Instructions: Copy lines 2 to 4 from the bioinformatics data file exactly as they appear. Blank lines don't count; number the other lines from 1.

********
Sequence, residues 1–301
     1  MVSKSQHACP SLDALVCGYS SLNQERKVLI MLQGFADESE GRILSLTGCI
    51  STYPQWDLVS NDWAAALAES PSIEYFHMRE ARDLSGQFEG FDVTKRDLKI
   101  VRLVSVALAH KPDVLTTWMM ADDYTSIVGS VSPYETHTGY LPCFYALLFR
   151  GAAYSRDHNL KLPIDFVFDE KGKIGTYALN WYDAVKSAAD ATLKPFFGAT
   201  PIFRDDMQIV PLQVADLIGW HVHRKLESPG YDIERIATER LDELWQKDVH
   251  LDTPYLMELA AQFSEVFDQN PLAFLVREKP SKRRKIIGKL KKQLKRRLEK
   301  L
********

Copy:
     1  MVSKSQHACP SLDALVCGYS SLNQERKVLI MLQGFADESE GRILSLTGCI
    51  STYPQWDLVS NDWAAALAES PSIEYFHMRE ARDLSGQFEG FDVTKRDLKI
   101  VRLVSVALAH KPDVLTTWMM ADDYTSIVGS VSPYETHTGY LPCFYALLFR